Rowena Cade

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Rowena Cade
Rowena Cade.png
Born2 August 1893
Spondon, Derbyshire, England
Died26 March 1983 (1983-03-27) (aged 89)
RelativesKatharine Burdekin (sister)

Rowena Cade (1893–1983) was the creator of the Minack Theatre in Porthcurno, Cornwall, UK.

Cade was born in Spondon near Derby on 2 August 1893.[1] She was the older sister of Katharine Burdekin and with her two brothers they lived at The Homestead in Spondon. Rowena Cade's family sold their house in Spondon and Cheltenham and moved to Lamorna in West Penwith, Cornwall after the First World War.[2]

Plaque commemorating the founder and builder of the Minack Theatre
Plaque commemorating the founder and builder of the Minack Theatre

She discovered and bought the Minack headland in the 1920s for £100 and built a house.[3][4] Her sister's marriage had ended in 1922 and she, and later her partner, also lived in Minack.[5]

After Cade put on a local production of A Midsummer Night’s Dream in 1929, she began searching for a suitable venue for a permanent outdoor stage.[6] The theatre is carved into the granite cliffs at Porthcurno, just a few miles from Land’s End.[6]

She built the theatre herself with the help of her gardener Billy Rawlings in 1931–32.[7] The stage took six months to build and the first performance was of Shakespeare's The Tempest in summer 1932. Without any formal lighting, the performance used batteries and car headlights to light the stage.[4]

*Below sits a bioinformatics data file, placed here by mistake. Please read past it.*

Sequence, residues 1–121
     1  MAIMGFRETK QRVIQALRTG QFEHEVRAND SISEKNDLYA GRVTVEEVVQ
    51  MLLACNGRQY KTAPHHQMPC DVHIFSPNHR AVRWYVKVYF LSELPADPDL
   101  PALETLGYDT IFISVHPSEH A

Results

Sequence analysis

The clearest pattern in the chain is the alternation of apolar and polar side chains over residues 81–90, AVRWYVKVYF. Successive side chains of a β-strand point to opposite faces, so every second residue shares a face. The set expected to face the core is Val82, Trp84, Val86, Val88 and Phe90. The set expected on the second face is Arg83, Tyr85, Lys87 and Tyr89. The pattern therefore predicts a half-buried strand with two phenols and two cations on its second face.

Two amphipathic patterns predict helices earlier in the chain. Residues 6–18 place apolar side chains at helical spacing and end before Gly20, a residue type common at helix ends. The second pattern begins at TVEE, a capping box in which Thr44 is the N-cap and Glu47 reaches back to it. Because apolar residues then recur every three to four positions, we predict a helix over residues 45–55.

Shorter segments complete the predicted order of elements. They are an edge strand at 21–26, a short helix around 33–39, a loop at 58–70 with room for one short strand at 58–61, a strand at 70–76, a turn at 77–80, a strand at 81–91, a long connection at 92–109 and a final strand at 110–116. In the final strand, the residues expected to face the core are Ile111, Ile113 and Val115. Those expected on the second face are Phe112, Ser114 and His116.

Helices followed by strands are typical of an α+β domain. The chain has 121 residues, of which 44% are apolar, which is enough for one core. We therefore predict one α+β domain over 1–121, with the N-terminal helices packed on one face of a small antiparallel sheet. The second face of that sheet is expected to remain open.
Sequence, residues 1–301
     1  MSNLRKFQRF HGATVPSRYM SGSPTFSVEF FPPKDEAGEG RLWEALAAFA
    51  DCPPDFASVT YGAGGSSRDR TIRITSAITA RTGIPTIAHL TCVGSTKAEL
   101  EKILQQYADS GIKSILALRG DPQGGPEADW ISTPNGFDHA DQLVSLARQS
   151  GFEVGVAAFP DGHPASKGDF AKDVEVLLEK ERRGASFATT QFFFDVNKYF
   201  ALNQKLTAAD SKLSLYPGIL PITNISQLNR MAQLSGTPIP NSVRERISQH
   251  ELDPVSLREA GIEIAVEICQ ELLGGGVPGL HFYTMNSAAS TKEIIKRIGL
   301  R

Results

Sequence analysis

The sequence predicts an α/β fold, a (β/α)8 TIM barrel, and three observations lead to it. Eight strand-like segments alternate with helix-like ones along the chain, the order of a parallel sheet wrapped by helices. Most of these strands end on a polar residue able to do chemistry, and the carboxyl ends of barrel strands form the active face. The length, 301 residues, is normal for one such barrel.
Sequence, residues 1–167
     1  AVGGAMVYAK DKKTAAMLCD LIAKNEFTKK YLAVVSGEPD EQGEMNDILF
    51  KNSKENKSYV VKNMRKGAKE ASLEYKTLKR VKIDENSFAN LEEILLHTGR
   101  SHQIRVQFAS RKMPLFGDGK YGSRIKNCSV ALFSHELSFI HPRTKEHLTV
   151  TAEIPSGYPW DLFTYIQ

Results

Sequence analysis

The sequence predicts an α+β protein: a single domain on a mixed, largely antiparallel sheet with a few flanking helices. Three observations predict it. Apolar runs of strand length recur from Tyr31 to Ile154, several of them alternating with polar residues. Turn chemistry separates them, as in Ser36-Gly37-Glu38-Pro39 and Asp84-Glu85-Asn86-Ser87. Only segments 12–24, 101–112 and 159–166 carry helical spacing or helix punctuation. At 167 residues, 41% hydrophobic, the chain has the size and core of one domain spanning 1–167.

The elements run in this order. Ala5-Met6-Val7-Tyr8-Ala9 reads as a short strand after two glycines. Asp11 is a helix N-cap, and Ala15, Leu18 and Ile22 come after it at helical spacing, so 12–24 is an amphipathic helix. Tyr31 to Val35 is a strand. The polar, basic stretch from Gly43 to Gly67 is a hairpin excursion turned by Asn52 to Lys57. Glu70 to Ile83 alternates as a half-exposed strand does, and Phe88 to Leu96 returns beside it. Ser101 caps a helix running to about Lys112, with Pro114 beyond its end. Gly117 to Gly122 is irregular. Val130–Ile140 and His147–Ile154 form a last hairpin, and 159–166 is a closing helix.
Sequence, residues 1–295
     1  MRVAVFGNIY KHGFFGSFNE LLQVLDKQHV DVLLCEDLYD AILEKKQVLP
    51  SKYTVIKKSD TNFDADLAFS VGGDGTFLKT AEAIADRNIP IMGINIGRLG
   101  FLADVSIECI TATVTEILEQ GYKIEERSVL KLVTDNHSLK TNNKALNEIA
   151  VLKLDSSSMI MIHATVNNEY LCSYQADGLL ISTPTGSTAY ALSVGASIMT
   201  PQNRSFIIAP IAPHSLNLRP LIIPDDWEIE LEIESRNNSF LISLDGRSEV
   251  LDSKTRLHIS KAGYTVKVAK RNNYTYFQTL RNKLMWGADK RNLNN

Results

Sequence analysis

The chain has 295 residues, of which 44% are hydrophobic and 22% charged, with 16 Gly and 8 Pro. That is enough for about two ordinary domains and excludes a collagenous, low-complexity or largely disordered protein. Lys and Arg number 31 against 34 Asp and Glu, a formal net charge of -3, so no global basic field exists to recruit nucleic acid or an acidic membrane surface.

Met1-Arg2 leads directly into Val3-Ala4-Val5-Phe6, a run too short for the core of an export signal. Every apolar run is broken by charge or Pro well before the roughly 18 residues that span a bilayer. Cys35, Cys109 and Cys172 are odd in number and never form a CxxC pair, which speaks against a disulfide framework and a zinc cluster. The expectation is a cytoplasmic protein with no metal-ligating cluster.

In 1976, Cade gave the theatre to a charitable trust.[4] She died on 26 March 1983.[8] The Cade family continued to be involved in the theatre – the general manager in 2015 was married to Rowena's great niece.[9] The theatre is now managed by Philip Jackson and has featured in a number of BBC programmes about the South West of Britain.[10][11]


  1. ^ Rowena Cade, Creator of the Minack Theatre, cornwall-calling, Retrieved 26 June 2017
  2. ^ "Rowena Cade - Creator of the Minack Theater". Cornwall Guide. 7 January 2013. Retrieved 26 June 2017.
  3. ^ "Minack Theatre history & Rowena Cade |". Cornwall For Ever!. Retrieved 26 June 2017.
  4. ^ a b c "In Pictures: Rowena Cade's Minack theatre". BBC News. 24 March 2013. Retrieved 26 June 2017.
  5. ^ Katharine Burdekin (1989). The End of this Day's Business. Feminist Press at CUNY. pp. 163–. ISBN 978-1-55861-009-5.
  6. ^ a b "Carved in granite, the Minack Theatre was more than merely a stage for Miss Cade". Retrieved 26 June 2017.
  7. ^ "Our history - Minack Theatre". Minack Theatre. Retrieved 26 June 2017.
  8. ^ "Engineering Timelines - Minack Theatre". Retrieved 26 June 2017.
  9. ^ Desforges, Kate Elizabeth (January 2015). "Burdekin's Utopian Visions: A Study of Four Interwar Texts". PhD Thesis – via University of Hull. {{cite journal}}: Cite journal requires |journal= (help)
  10. ^ "Minack Theatre - drama by the sea, Coastal Path - BBC One". BBC. Retrieved 26 June 2017.
  11. ^ Countryfile (25 April 2016), Minack Theatre and Rowena Cade (Cornwall) - BBC - 24th April 2016, archived from the original on 21 December 2021, retrieved 26 June 2017